But for the view camera, in my view, the router is as good as it gets.
Shallow cuts, precision chops, flat bottom cuts, trim and joinery.
A good choice. Router Woodworking.
 

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Discussion Starter · #11 ·
"So I will be here reading this great knowledge base."
**********************************
At times, the routing community, in my view, shoots way beyond the apps that routers were made for.
Dovetailing with skinny bits, planing burls & work bench tops, drilling holes, making dowels, bowls, timber framing etc.
But for the view camera, in my view, the router is as good as it gets.
Shallow cuts, precision chops, flat bottom cuts, trim and joinery.

Yes, I think a router can do most of my View camera work. My neighbor just gave me his father's Craftsman bench top router table, darn thing looks great, with a die cast aluminum top that fits my other free Craftsman router! Next he has a ton of bits for me. And a hefty cast iron pipe vise. A good day of scavenging and I fixed an nice old wood chair for another neighbor last night. Looks like I am soon going to be doing custom art framing, I'm getting very busy in retirement!
 

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Discussion Starter · #12 ·
First router job

Got the first router job done today. Glue up is drying. Two large bellows frames with 8 1/2 lap joints.

A friend gave me a old enough to be still made in USA diecast Craftsman router table and now I have 2 routers that fit it.

Used a new Freud 1/4" upspiral and loved how it made tiny shavings and not much dust.

Gives me great hope for future view camera construction.
 

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A picture of a finished camera would be good, Randy.
 

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Discussion Starter · #14 ·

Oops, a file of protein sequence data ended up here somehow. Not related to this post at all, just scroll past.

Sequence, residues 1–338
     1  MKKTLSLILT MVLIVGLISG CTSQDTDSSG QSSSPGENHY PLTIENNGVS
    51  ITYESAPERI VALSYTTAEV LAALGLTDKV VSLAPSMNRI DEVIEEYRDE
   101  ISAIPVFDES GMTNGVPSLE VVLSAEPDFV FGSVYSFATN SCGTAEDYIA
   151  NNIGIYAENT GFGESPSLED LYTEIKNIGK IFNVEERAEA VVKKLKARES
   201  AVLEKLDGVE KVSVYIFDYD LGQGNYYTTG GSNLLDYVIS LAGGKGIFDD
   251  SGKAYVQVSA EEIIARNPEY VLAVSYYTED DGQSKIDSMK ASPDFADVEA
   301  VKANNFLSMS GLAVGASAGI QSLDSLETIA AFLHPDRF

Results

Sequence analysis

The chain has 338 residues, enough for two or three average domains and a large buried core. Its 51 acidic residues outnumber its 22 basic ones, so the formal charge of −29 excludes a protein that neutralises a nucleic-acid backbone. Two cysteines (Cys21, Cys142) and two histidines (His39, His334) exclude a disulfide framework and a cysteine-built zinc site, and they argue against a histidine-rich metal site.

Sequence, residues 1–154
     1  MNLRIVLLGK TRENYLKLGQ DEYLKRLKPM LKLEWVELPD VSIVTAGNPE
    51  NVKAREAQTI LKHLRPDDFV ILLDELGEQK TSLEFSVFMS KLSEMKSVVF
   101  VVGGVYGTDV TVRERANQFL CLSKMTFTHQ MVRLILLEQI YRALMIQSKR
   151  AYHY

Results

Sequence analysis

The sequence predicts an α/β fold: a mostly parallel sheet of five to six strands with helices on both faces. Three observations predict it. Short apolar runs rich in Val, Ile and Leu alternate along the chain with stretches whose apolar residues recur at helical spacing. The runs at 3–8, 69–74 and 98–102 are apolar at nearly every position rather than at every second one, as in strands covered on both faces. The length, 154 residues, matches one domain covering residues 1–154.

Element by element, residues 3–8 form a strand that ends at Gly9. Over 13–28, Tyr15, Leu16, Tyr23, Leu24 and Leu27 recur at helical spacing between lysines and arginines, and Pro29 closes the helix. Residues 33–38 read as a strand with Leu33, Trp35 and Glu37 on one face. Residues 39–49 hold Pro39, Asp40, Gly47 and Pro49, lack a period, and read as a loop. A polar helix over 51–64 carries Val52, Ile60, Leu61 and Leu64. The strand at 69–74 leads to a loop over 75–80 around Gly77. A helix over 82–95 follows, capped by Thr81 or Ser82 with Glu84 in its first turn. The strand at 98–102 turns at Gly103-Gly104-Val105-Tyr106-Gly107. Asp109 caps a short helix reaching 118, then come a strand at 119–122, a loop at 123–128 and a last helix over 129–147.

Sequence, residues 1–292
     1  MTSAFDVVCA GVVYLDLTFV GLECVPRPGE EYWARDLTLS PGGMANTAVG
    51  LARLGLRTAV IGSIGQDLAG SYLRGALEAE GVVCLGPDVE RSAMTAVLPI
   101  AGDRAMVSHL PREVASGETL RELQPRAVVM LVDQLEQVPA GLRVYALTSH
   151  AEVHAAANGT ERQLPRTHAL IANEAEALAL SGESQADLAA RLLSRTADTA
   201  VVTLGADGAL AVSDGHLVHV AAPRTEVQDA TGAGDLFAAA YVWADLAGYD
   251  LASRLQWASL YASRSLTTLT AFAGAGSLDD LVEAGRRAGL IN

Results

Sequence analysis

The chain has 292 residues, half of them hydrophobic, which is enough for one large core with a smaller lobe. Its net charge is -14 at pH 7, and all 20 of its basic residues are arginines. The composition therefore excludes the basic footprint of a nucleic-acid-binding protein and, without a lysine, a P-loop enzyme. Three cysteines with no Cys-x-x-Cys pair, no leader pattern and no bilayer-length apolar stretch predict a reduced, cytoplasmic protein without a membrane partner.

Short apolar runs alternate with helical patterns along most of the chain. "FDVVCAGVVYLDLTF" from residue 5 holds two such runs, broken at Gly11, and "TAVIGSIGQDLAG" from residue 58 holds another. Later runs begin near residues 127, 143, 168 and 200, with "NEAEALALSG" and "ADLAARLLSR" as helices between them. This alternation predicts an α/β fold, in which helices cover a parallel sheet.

The simple frames I made will be invisible once mounted with the new bellows. I am still waiting for the bellows, maybe another month. The camera itself was made in the 30's, all you will see is my touch up and new bellows. I will have pics of that, but it will not show any actual woodworking I did. I made it fairly shiny without disturbing that valuable patina of age.

The real woodworking 'ART' will be the custom wood film holders I commissioned, they are very difficult to make. I think they take 150 setups, very good wood and a lot of experience. They cost more than the camera!
 

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Discussion Starter · #15 ·
Camera ready for action!

I want to show off the renewed camera. The bellows frames I made were installed on new Turner Bellows. This picture shows the camera fully extended to 72 inches and 9 feet in the air. If interested look up Deardorff SC11 studio 11x14 camera and B-Post stands first made in 1929 Chicago for Sears catalog imaging. The ultimate in resolution of the era. I want to thank this forum for helping me get my feet wet, I am now working wood in some more ways than I have before. When I have more routing success, I will post again.





Got the first router job done today. Glue up is drying. Two large bellows frames with 8 1/2 lap joints.

A friend gave me a old enough to be still made in USA diecast Craftsman router table and now I have 2 routers that fit it.

Used a new Freud 1/4" upspiral and loved how it made tiny shavings and not much dust.

Gives me great hope for future view camera construction.